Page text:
August 18, 2010

The Favorite Libraries Challenge

This Challenge is simple. 

Help us create a comprehensive list of Books for Walls Project Reader's Favorite Libraries!

Tell us about your favorite librarypast or present:
  • Please give the location of the library
  • know of a link -share it
  • have a story about the library -tell us
(And don't worry if your library has already been listed, tell us again! 
We'll note who the library was suggested by.)

Come back often and check on our Official Books for Walls Project Favorite Libraries List made by you, our readers! Click here to watch the list grow. 

Remember there are many ways to follow the project and share this challenge with friends (use the handy tools at the bottom of each post)help us learn about favorite libraries all over the world!

Please use the following format for your commentName of the Library, City/State/Country, link (if available) and tell us more about why it is your favorite!

20 comments:

  1. This is what we used to call the libraries when I we were little: "The Tiny Library" and "The Big Library." When I was very young the "Big Library" over whelmed me, it was so BIG. Now I like the wide selection of books. But the "Little Library" is my favorite favorite!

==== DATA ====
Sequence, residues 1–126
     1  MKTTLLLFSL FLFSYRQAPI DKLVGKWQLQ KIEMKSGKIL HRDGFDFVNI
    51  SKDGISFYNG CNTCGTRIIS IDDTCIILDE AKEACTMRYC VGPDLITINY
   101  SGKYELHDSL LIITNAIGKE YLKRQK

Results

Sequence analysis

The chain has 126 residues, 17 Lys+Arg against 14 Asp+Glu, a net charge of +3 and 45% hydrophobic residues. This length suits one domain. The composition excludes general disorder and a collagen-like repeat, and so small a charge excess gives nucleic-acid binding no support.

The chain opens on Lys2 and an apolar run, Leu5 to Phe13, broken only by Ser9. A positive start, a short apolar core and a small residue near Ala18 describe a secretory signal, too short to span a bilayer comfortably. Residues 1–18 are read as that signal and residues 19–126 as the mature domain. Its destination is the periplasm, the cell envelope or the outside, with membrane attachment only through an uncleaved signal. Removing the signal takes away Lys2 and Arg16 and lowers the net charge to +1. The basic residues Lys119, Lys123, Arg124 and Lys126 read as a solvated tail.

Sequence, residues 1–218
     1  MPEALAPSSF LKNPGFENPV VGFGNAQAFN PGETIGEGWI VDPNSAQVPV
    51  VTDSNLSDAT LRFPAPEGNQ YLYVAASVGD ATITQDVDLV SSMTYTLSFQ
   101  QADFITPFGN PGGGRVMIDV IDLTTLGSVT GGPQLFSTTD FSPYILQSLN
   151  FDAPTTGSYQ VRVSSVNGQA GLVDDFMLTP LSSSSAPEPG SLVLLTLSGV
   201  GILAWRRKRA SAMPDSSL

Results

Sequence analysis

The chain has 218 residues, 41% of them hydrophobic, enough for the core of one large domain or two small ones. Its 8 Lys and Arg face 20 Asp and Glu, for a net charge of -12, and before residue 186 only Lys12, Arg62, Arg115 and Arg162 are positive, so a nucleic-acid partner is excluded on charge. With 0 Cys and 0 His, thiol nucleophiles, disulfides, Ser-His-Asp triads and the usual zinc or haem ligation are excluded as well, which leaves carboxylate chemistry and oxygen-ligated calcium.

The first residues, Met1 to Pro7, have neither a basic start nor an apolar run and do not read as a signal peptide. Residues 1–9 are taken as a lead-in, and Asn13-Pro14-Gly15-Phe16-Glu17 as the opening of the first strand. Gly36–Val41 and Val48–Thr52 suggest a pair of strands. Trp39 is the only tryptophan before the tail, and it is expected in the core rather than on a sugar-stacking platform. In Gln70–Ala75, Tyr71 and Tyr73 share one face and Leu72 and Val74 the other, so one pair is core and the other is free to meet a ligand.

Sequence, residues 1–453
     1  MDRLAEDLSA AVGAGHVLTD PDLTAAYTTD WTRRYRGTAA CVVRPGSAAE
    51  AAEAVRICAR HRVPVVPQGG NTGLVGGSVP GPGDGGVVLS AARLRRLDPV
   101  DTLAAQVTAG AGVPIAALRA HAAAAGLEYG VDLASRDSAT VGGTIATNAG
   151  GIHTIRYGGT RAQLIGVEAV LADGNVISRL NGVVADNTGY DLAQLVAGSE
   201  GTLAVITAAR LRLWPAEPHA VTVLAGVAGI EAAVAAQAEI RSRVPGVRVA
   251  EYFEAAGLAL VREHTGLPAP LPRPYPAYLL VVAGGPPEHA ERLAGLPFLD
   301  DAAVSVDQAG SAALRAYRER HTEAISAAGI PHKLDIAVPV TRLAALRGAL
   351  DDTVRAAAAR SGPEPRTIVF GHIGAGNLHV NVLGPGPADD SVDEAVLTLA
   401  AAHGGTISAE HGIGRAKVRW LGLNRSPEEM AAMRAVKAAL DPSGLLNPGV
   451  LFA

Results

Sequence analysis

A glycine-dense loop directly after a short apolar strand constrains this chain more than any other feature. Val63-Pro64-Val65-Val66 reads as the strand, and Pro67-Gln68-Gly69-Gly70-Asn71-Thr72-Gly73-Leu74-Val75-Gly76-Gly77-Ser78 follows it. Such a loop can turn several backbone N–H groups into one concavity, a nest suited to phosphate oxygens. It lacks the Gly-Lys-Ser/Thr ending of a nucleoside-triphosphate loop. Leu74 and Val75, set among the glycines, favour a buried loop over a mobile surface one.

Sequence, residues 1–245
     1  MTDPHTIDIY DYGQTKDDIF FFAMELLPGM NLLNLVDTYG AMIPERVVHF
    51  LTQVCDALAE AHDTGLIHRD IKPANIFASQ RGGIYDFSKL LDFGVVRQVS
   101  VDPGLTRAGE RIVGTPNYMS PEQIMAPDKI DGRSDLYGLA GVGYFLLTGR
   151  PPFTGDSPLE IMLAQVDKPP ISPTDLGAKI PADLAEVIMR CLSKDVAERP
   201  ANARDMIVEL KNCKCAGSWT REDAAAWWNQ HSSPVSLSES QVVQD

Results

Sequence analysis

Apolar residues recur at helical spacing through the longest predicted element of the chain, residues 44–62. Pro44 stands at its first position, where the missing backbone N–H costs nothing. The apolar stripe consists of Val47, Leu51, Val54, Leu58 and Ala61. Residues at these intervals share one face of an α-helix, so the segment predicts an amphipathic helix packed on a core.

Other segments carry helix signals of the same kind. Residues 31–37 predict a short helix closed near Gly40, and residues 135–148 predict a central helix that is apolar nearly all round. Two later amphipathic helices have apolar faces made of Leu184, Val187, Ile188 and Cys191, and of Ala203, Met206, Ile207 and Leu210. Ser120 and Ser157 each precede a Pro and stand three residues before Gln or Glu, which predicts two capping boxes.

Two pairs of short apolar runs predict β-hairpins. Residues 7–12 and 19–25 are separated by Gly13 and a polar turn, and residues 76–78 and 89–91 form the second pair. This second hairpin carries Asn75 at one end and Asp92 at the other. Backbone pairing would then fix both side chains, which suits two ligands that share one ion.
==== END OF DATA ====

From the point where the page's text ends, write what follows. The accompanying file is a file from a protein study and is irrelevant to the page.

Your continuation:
"Little Library" = Interlochen Public Library, Interlochen, Michigan
    "Big Library" = Woodmere Branch of the Traverse Area District Library, Traverse City, Michigan

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  2. I agree with Sis, and I want to add "The Teeny Tiny-Tiny Library" it's very new and my Daddy's artwork is up permanently in the building!!

    "Teeny Tiny-Tiny Library" Darcy Library, Beulah, Michigan. Note from The Mom -before the new building the library was teeny tiny, now it is pretty big!!

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  3. I love the libraries the girls mentioned and I have to add my first love: The Sherwood Forest Library in Detroit.

    I can still feel the handles of drawers that held the card catalog. I remember when I got old enough to move from the children's area to the big tall shelves for the adults, I loved hiding there... and reaching for books as high as I could reach and just flip through them. Sherwood Forest is where I became a bibliophile! (And that name, isn't it wonderful --although the library is named for a nearby neighborhood--I liked to imagine that I hung out with Maid Marion and Robin Hood!)

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  4. I grew up using the Redford Township Public Library, and it's always been my favorite in the west suburbs of Detroit. Even more so now that they have a beautiful new building, complete with cafe. Best selection of new releases anywhere in area!